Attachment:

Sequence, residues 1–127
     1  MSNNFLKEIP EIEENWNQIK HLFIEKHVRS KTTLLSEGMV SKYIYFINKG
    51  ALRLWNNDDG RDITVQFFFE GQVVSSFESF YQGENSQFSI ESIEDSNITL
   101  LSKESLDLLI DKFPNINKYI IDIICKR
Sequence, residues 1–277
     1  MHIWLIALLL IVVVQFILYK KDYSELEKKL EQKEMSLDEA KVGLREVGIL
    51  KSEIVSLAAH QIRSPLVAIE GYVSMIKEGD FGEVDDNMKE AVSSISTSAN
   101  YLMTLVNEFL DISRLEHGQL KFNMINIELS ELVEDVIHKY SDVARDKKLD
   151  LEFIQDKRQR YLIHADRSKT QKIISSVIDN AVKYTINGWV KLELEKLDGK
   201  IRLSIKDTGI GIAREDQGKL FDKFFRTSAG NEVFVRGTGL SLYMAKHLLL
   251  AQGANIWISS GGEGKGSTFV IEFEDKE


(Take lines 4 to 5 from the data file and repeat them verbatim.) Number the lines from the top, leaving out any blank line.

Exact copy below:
   101  LSKESLDLLI DKFPNINKYI IDIICKR
Sequence, residues 1–277